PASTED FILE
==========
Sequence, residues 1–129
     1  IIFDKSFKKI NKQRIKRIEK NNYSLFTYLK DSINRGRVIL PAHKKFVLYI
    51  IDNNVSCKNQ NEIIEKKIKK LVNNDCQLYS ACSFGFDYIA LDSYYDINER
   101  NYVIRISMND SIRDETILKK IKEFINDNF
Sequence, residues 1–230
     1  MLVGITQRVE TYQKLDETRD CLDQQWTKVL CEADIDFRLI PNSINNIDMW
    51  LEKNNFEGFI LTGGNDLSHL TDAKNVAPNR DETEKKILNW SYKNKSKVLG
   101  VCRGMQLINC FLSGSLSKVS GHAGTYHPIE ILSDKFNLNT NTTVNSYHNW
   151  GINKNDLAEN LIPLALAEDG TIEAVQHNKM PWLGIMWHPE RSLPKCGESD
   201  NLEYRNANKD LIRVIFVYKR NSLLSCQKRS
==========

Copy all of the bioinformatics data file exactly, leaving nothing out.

Sequence, residues 1–129
     1  IIFDKSFKKI NKQRIKRIEK NNYSLFTYLK DSINRGRVIL PAHKKFVLYI
    51  IDNNVSCKNQ NEIIEKKIKK LVNNDCQLYS ACSFGFDYIA LDSYYDINER
   101  NYVIRISMND SIRDETILKK IKEFINDNF
Sequence, residues 1–230
     1  MLVGITQRVE TYQKLDETRD CLDQQWTKVL CEADIDFRLI PNSINNIDMW
    51  LEKNNFEGFI LTGGNDLSHL TDAKNVAPNR DETEKKILNW SYKNKSKVLG
   101  VCRGMQLINC FLSGSLSKVS GHAGTYHPIE ILSDKFNLNT NTTVNSYHNW
   151  GINKNDLAEN LIPLALAEDG TIEAVQHNKM PWLGIMWHPE RSLPKCGESD
   201  NLEYRNANKD LIRVIFVYKR NSLLSCQKRS